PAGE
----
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Attorney: Sterling Brown settlement hinges on whether city admits wrongdoing

Posted: 9:04 PM, Sep 04, 2019
Updated: 2019-09-04 22:04:54-04

MILWAUKEE — Milwaukee city officials are offering Bucks guard Sterling Brown $400,000 to settle his lawsuit accusing police of using excessive force and targeting him because he's black when they confronted him about a parking violation.

The city's Common Council authorized the offer Wednesday during a closed session. Brown has 14 days to accept or decline it.

Brown illegally parked in a disabled spot outside a Walgreens on Jan. 26, 2018, and was talking with a group of officers while waiting for his citation when the situation escalated. Officers took him down and used a stun gun because he didn't immediately remove his hands from his pockets, as ordered.

“It was just confirmation that it could happen to anyone. It happens to a lot of black men on a daily basis,” Brown told TODAY’S TMJ4 in January.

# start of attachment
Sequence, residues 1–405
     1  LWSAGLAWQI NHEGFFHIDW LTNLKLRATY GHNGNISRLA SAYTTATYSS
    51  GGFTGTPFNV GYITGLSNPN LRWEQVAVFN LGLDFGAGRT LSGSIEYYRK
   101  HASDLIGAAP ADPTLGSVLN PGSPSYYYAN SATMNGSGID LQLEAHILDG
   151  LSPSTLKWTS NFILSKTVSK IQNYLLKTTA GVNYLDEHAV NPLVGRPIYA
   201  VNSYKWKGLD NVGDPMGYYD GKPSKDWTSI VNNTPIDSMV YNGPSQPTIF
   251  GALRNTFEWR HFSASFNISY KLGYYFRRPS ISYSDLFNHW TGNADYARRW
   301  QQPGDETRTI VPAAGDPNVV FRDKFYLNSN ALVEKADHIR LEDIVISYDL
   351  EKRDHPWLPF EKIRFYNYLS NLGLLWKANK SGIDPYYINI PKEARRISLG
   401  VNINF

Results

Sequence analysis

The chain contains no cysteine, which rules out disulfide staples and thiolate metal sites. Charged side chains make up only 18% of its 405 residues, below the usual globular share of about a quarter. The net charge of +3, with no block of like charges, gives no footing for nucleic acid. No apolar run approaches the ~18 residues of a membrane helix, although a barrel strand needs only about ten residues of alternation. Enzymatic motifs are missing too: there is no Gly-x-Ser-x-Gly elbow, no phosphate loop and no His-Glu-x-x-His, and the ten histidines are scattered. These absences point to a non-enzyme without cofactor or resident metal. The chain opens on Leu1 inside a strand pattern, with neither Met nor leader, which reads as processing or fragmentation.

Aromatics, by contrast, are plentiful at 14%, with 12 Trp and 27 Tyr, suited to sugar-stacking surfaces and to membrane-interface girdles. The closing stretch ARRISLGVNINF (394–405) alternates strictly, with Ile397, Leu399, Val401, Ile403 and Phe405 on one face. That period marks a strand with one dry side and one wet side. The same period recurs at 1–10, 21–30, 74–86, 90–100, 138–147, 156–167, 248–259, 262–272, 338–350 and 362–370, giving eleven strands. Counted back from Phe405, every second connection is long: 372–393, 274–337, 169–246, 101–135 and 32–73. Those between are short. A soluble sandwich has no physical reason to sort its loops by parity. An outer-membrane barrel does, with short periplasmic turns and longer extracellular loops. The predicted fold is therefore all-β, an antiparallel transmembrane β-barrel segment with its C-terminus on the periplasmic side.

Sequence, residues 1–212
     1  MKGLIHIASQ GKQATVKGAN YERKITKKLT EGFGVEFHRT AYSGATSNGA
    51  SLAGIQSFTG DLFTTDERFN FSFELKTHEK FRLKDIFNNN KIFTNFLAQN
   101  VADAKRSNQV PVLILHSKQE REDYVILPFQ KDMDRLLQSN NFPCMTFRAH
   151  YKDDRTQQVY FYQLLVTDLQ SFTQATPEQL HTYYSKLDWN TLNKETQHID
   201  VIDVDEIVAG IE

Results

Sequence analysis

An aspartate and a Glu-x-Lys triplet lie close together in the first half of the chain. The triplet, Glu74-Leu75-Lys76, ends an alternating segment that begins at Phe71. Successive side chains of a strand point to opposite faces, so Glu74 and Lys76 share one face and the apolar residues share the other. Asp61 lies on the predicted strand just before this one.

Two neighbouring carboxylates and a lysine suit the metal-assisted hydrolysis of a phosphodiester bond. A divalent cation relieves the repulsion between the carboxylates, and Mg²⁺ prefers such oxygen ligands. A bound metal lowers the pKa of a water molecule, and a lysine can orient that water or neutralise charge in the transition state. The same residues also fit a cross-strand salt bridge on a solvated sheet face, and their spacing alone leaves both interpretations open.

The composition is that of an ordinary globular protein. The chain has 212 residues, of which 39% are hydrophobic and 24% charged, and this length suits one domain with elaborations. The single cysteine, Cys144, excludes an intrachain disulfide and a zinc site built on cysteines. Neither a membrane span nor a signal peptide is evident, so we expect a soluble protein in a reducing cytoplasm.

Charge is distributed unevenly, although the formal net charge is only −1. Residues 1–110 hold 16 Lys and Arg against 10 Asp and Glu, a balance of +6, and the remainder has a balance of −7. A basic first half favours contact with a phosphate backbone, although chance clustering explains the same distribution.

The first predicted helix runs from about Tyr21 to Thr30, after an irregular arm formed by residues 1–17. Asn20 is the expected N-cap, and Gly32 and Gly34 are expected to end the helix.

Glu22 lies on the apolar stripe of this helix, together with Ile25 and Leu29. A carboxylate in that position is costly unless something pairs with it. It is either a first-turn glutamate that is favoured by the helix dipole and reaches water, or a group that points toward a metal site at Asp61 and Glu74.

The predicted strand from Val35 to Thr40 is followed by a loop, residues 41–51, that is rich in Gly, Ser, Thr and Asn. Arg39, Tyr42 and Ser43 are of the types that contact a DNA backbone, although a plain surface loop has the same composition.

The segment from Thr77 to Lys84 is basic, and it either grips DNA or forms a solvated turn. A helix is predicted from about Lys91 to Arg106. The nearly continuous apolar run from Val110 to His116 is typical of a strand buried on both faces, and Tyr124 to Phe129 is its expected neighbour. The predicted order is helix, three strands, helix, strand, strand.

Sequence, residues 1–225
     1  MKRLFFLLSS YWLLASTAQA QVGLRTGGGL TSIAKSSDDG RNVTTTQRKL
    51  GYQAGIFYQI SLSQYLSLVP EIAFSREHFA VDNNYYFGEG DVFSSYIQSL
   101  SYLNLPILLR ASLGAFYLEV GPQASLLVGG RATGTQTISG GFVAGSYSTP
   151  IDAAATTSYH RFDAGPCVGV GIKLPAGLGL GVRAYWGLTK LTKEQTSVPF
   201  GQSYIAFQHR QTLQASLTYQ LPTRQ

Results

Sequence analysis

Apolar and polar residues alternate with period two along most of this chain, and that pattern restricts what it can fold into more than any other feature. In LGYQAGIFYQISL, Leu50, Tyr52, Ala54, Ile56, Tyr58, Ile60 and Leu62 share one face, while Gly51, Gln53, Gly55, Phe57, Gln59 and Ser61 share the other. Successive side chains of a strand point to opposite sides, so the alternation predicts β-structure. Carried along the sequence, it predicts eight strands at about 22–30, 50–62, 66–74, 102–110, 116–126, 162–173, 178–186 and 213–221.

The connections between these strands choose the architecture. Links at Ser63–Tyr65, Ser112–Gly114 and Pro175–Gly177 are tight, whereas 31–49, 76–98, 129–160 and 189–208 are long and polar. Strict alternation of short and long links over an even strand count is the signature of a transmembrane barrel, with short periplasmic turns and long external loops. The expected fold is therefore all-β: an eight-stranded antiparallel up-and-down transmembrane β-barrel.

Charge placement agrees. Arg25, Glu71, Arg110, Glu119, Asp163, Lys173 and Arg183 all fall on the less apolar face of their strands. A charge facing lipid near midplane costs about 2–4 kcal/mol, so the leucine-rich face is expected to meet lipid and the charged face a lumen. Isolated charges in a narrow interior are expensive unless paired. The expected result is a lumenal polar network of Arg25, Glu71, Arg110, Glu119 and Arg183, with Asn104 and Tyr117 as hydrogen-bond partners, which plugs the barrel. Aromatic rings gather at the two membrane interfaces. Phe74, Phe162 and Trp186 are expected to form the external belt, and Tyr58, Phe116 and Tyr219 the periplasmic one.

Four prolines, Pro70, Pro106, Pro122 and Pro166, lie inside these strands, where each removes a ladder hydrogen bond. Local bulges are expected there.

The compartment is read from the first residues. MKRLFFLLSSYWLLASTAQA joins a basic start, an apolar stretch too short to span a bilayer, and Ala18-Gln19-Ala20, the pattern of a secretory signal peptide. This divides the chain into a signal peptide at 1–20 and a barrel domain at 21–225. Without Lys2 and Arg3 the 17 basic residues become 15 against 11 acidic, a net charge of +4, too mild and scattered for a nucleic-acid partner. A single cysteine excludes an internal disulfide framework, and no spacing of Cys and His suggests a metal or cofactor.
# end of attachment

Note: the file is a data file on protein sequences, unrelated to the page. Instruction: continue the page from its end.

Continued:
Mark Thomsen, Brown’s attorney, said this fight is about more than dollars and cents. They want the city of Milwaukee to admit to wrongdoing.

“I think what people overlook and forget is that the city had the video and sat on it,” Thomsen said. “It was months, and during that time, his name was trashed on the internet.”

Alderman Bob Bauman argued the admission creates a slippery slope of liability for the city, taxpayers and the Milwaukee Police officers involved.

“I think what people overlook and forget is that the city had the video and sat on it. It was months, and during that time, his name was trashed on the internet.” — Mark Thomsen, Sterling Brown's attorney

“It is standard operating procedure that when parties settle a case, they settle a case with nobody admitting liability,” Bauman said. “Think of the consequences. As a practical matter, that would make all the officers involved forever useless in any criminal proceeding they’re involved in.”

Thomsen argues the admission will be essential to whether the settlement will be accepted in 14 days or if the battle will continue in court.